The Great Highway Pilot Project
Thank you to everyone who provided feedback at the special joint informational meeting with the San Francisco Recreation and Park Commission and San Francisco Municipal Transit Agency Board last Thursday, June 10. This is the kickoff to a robust, multilingual outreach and engagement process during the Summer. We look forward to working with the community as we move forward. Stay tuned for more information on the Great Highway.
Since April 2020, the emergency closure of the Upper Great Highway to cars has provided a safe, car-free route prioritizing outdoor space for physically distanced activities for families, people on bicycles and in wheelchairs, people with walkers or other mobility assistance devices, and people with strollers, walking, jogging, skateboarding and more. The area provides a valuable scenic public promenade that can accommodate higher volumes of use than the adjacent pathways and offers recreational access to the beachfront to people who cannot easily use the beach itself.
Each month, an average of 144,000 people roll and stroll along the corridor, enjoying expanded opportunities for physically distanced recreation and essential trips during the COVID-19 pandemic. This past January saw an even larger jump in popularity, breaking the record for daily visits three times and setting a record at 11,661 people accessing the road in a single day.
The city continues to prioritize public health and safety, balancing access to critical recreation and open spaces while addressing concerns regarding traffic and safety impacts of the closure on surrounding neighborhood streets. To that end, Rec and Park is working with SFMTA and SF County Transportation Authority (SFCTA) to mitigate those impacts, including the installation of signs to divert traffic, new stop signs, barricades and posts to restrict turns, and speed humps to reduce speed.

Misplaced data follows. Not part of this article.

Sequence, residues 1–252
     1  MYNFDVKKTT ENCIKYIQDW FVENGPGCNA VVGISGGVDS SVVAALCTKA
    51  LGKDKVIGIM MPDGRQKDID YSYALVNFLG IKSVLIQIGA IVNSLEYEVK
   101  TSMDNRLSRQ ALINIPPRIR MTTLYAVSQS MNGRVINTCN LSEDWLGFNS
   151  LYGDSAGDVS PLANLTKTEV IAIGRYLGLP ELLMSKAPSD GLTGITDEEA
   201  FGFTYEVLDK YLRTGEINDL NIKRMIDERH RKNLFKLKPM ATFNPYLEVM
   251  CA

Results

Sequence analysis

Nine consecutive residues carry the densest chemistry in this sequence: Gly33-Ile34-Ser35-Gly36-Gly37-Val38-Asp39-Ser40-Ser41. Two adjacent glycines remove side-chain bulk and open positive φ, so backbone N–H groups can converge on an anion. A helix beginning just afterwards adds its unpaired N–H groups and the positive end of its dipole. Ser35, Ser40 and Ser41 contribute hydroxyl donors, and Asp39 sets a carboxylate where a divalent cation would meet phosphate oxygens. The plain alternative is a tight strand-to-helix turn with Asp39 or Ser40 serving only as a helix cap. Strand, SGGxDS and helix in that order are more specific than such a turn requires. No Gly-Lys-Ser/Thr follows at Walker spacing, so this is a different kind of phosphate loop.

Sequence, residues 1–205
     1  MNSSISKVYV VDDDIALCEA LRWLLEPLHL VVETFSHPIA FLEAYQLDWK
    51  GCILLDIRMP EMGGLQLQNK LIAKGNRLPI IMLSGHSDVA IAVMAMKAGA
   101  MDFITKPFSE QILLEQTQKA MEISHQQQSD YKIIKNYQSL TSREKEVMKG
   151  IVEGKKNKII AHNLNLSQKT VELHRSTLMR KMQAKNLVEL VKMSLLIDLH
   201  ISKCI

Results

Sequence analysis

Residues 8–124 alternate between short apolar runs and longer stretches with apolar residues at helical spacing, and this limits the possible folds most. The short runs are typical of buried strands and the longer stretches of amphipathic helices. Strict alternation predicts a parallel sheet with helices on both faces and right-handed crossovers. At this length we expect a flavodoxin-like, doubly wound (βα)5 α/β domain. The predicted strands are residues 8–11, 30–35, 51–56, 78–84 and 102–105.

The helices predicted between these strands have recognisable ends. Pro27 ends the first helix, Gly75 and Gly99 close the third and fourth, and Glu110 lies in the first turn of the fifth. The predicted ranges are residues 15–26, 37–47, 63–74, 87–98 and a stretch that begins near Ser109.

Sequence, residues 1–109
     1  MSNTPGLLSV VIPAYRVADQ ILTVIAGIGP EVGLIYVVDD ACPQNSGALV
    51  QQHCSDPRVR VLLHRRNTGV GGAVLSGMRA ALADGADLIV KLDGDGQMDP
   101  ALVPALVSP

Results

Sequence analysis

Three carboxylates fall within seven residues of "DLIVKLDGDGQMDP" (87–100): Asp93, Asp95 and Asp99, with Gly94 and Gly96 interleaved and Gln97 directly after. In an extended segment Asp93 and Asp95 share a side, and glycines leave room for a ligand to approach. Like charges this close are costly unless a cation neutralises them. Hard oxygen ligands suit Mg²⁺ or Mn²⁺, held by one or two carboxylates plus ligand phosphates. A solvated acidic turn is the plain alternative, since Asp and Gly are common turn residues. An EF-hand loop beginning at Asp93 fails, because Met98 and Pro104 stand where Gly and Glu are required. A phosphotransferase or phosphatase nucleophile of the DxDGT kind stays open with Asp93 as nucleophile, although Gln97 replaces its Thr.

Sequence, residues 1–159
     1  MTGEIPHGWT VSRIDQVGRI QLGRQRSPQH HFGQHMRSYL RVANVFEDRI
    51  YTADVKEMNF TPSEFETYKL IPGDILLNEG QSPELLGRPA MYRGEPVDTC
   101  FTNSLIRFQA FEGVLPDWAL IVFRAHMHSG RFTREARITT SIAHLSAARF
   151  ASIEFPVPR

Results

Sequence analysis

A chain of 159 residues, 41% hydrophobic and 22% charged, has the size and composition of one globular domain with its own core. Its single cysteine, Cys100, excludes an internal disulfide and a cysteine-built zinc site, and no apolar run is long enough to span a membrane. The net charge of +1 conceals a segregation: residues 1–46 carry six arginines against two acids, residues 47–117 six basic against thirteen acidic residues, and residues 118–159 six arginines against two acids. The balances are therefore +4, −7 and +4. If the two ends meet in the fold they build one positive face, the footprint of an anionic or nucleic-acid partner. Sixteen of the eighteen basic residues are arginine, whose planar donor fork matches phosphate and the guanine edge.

How did we get here?
On April 4, 2020, the Department of Public Works (DPW) closed the Upper Great Highway for standard sand removal maintenance. During that time, District 4 Supervisor Mar requested that the roadway remain closed to create the opportunity for safe, physically distant exercise during the remainder of the city emergency. Ultimately, the road was incorporated into part of the Slow Streets initiative, which continues as a temporary emergency response while San Francisco remains under a State-of-Emergency amidst the ongoing COVID-19 pandemic.
Any efforts to make permanent changes to the Great Highway will go through a thorough public process before they can be approved.
What does the public process look like?
The first steps of that process took place as part of the SFCTA’s District 4 Mobility Study, which studied several options for future use of Great Highway.
On March 27, SFCTA presented analysis and findings on the Great Highway, including evaluation of recreational usage, transit impacts, vehicle traffic impacts, costs and survey findings on the proposed concepts. You can view the presentation from the open house here. A final evaluation report will be presented to the SFCTA board in June 2021.